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April 01, 1994 - Image 1

Resource type:
Text
Publication:
The Detroit Jewish News, 1994-04-01

Disclaimer: Computer generated plain text may have errors. Read more about this.

75ยข

DETROIT

THE JEWISH NEWS

20 NISAN 5754/APRIL 1, 1994

Celebrating Freedom

Top Gun

HEALTH

An interfaith seder brings blacks and Jews together
to reaffirm commitments.

A howitzer finds a home at
Machpelah Cemetery.

Walk On!

JENNIFER FINER STAFF WRITER

ALLAN HITSKY ASSOCIATE EDITOR

Friendship and fitness
develop step by step.

Page 38

Coffee Talk

Brothers hope a successful
new business is brewing.

Page 48

ALTERNATIVES

From The Tap

Bartenders play friend,
therapist and entertainer.

Page 87

Contents on page 3

Hundreds of Jewish
boys in metropolitan
Detroit are Boy
Scouts and Cub
Scouts, working on
merit badges and
achievement awards.

he voices of over 300
blacks and Jews were
overwhelmingly power-
ful. They joined in hand
and in song to the tune
of "We Shall Overcome"
at the culmination of
the fifth annual Black-

Jewish Seder.
The entire evening made a state-
ment.
By its end, phone numbers were ex-
changed, bonds were formed and the
response to the evening was positive
praise.
The seder, held at Temple Israel on
March 24 and sponsored by the Anti-
Defamation League and the South
Oakland National Association for the
Advancement of Colored People, is part
of an ongoing effort to encourage
understanding and dialogue between
the black and Jewish communities.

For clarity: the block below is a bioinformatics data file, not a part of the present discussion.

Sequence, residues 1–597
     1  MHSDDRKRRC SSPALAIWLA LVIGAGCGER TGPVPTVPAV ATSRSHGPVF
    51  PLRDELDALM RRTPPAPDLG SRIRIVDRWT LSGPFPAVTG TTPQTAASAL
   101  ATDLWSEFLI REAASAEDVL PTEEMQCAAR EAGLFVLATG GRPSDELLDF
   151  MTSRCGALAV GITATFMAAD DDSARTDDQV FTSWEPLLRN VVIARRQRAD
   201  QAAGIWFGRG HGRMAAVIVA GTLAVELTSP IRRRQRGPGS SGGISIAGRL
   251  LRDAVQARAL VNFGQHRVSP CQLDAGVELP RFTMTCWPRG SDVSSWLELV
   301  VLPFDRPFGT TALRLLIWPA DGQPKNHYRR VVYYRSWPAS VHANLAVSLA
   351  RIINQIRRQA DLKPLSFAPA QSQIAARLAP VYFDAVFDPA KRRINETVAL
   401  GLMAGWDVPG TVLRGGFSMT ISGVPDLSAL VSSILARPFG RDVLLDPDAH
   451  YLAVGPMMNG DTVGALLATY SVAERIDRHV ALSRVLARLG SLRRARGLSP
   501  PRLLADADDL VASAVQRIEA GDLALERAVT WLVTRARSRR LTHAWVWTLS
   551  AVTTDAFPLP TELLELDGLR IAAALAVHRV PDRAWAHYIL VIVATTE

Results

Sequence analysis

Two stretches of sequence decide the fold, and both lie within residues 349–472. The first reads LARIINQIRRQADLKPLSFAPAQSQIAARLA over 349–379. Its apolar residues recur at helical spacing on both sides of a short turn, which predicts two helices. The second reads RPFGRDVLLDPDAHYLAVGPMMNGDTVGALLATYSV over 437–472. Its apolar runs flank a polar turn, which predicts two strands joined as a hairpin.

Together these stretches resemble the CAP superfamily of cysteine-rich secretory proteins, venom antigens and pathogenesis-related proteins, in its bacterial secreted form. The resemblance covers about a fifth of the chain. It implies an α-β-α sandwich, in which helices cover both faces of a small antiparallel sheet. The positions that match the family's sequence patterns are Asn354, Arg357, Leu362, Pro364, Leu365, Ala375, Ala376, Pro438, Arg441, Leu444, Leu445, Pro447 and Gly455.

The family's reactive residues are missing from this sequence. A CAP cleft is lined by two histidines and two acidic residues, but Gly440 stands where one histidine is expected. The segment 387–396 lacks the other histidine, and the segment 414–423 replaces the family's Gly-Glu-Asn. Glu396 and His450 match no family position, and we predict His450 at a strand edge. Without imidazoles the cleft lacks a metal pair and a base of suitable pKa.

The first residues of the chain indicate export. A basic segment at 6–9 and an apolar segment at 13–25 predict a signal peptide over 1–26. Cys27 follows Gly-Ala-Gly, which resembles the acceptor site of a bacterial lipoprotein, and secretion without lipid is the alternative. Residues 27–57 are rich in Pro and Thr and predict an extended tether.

Temple Israel and Trinity-Faith United
Methodist Church were this year's
co-celebrants, but the event was open
to the public.
"Each seder you see the same faces
but you also see some different faces,"
said Bingham Farms resident Ted

J

Wells. "It's a learning process that
allows you to see the commonalities
between the two groups. There's really
not a big difference. We're both shoot-
ing for freedom."
Throughout the seder, members of
both communities were invited to lead
various parts of the Passover service,
which was written to incorporate an
overall message of freedom.
Richard Lobenthal, the Michigan di-
rector of the Anti-Defamation League,

ust about everybody on U.S. 23
was stopping to look.
The truck, tugging its heavy
cargo en route to Detroit, was
just the kind of thing to attract
attention. It isn't every day that
a 13,000-pound howitzer passes by.
The cannon's history dates back to
the 1960s, when it was used in
Vietnam. Then it was put aside in an
empty lot in Pennsylvania, where it sat
for years. Finally, it found a home in
Michigan.
Several weeks ago, Machpelah
Cemetery placed the howitzer in its
veterans section. It will stand as a trib-
ute to the fallen soldiers, making
Machpelah one of the few cemeteries
in the state to own a former piece of
Army artillery.
"When I took over, the most that had
ever been done was placing the flags
on graves on Memorial Day," said
Machpelah manager Paul Saville. "I
always thought something should be
erected for the veterans."
Someone suggested a granite mon-
ument. Mr. Saville feared "it would be
too cold."

FREEDOM page 10

TOP GUN page 15

Photo by Glenn Triest

Inside

Marc Days and the Rev. Ed Einem participate in
the seder.

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